Wheelies 30 – 28. Valentino Rossi (-20)

Our annual Wheelies 30 continues with a legendary figure.

If anyone said that Valentino Rossi will finish fifth this season, they would have been called mad. The sad reality of Rossi’s underperformance is far more complex than what we saw on our TV screens.

Though he had a reasonable first part of the season, with a gigantic win at Assen, he never was in a real position to fight for the world championship. Much more than that, Maverick Vinales dominated him throughout the whole year.

Definitely his bad performances were also technically related, as the Yamaha bike was underperforming, but he cannot blame entirely the team. Without his training crash prior to Misano, he would have had theoretical chances to win the championship.

Most likely, 2018 will be his last season. If the bike doesn’t deliver and if he doesn’t step up his game to fight against the young guns, Valentino Rossi will have no chance to win his desired tenth world championship. If he does, he will be once again a title contender as he was in 2015 when he deserved the big trophy.

 

Photo – Yamaha Racing

Taddy Blazusiak returns with a win

With a large audience of 12.000, Tauron Arena from Krakow expected the return to racing of Tadeusz Blazusiak, the local hero and multiple times world champion.

Everything went for the Poles and in the end Taddy won the first round of the season. Three second places in the three finals were more than enough for Blasuziak to take the win in the end.

Alongside him on the podium, Cody Webb and Billy Bolt completed the podium, while Jonny Walker finished the polish event only eight, far behind his team mate from KTM.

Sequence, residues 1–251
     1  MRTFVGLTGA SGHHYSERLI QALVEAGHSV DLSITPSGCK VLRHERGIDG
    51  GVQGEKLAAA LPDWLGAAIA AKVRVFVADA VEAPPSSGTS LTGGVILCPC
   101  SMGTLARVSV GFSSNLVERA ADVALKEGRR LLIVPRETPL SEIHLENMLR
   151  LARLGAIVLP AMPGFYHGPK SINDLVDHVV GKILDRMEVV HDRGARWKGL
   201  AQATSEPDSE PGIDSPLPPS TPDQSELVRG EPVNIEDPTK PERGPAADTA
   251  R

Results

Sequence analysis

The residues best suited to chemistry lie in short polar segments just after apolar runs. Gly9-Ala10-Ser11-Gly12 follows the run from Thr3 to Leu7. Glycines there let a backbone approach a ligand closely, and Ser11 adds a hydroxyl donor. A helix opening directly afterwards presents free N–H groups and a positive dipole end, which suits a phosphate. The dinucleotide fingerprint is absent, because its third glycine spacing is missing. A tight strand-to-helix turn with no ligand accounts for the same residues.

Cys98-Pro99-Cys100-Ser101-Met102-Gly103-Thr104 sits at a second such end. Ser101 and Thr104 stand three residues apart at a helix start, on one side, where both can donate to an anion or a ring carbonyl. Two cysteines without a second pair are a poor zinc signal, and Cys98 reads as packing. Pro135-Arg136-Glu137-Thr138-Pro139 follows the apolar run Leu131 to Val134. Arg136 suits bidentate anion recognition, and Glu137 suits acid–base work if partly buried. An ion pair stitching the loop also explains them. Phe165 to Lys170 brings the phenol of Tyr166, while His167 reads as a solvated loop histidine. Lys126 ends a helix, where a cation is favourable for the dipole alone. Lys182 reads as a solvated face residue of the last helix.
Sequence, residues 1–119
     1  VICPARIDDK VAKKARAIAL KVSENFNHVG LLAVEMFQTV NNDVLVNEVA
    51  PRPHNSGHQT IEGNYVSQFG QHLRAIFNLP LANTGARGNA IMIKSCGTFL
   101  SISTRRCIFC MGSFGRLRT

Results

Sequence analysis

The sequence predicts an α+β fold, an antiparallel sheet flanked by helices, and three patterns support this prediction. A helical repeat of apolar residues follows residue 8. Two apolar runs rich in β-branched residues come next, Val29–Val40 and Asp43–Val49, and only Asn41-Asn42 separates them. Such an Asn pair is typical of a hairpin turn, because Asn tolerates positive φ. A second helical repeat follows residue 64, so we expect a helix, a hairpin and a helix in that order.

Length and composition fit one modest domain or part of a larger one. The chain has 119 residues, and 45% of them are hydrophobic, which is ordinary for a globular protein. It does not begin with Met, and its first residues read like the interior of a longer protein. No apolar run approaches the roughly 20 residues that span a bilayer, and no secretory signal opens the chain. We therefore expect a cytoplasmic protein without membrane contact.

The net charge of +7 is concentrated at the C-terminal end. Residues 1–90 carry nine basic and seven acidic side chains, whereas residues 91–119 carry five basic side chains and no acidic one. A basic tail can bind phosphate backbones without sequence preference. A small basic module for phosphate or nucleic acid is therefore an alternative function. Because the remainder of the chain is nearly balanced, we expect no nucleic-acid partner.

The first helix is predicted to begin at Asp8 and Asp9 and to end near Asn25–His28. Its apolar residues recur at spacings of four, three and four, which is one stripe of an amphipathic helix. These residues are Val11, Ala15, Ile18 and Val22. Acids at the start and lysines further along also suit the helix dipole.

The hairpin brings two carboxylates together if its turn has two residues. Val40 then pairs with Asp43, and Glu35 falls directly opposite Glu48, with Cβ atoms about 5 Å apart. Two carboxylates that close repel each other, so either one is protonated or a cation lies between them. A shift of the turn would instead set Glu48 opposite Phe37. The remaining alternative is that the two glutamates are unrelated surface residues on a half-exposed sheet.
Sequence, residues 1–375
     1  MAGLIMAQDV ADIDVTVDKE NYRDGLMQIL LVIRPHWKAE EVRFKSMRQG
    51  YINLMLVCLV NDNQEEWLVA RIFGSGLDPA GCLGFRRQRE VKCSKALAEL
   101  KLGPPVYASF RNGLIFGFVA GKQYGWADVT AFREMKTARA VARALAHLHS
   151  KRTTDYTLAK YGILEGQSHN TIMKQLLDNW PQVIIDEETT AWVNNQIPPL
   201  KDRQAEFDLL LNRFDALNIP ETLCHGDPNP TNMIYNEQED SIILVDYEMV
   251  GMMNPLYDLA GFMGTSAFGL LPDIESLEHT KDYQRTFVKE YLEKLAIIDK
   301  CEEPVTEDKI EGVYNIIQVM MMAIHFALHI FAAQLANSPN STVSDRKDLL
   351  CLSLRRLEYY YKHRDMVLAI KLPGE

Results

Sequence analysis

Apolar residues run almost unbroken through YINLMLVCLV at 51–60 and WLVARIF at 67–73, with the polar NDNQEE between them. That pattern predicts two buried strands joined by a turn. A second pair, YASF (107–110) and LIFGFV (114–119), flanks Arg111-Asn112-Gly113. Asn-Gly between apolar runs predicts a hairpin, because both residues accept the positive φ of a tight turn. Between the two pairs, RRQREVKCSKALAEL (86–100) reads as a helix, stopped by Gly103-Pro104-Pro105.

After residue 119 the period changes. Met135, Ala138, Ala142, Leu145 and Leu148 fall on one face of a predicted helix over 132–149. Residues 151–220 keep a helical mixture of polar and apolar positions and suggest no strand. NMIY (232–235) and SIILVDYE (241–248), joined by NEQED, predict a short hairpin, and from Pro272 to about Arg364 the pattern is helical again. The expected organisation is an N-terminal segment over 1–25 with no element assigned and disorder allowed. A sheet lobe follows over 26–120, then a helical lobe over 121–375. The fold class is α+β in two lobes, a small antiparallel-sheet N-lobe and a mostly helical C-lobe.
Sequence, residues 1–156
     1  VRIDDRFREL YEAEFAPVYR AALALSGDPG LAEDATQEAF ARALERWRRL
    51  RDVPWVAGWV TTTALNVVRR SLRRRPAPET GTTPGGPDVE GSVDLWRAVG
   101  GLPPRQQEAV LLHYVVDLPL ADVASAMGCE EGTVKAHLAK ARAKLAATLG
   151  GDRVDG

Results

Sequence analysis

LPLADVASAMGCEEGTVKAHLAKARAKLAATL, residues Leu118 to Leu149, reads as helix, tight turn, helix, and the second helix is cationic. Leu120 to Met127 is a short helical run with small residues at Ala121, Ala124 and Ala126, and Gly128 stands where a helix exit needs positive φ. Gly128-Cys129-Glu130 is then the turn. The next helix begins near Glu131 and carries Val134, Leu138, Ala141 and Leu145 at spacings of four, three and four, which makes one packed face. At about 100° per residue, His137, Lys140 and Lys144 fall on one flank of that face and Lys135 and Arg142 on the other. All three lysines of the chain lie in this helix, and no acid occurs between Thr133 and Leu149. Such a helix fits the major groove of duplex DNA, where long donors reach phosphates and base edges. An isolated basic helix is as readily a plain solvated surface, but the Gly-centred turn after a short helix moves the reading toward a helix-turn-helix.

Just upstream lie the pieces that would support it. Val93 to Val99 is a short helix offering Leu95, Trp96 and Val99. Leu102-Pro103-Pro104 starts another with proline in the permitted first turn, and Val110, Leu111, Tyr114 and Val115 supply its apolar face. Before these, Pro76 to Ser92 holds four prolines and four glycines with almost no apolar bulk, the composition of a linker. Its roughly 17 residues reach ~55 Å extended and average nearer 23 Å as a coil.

As this was the first round of the 2018 Super Enduro championship, the general classification is identifical with the race standings. Therefore, Blazusiak leads the championship, while Webb and Bolt are second and third.

The next round will take in Riesa, Germany at the beginning of 2018.

 

Photo – superenduro.org

Wheelies 30 – 29. Michael van der Mark (-7)

We continue our second edition of Wheelies 30 with a young and promising rider. Michael van der Mark had the courage to risk everything and moved from Honda to Yamaha.

Given how bad Yamaha performed in 2016, this move could have been a career ending for Michael. Not only that is wasn’t the case, but the Flying Dutchman of the Superbikes has done a tremendous job throughout the whole outpacing Alex Lowes, his more experienced team mate.

While he performed extremely well in the Superbikes, his two appearances in the GPs with Monster Energy Tech3 Yamaha were lacklustre, but given the short time to accomodate with the M1, it is quite understandable.

If Yamaha raises the challenge next year in World SBK, Michael can be a good challenger for the unrivalled crown of Jonathan Rea. Who knows, maybe it’s about time to have another king in SBK.

 

Photo – Yamaha Racing

Jake Gagne to race for Red Bull Honda in 2018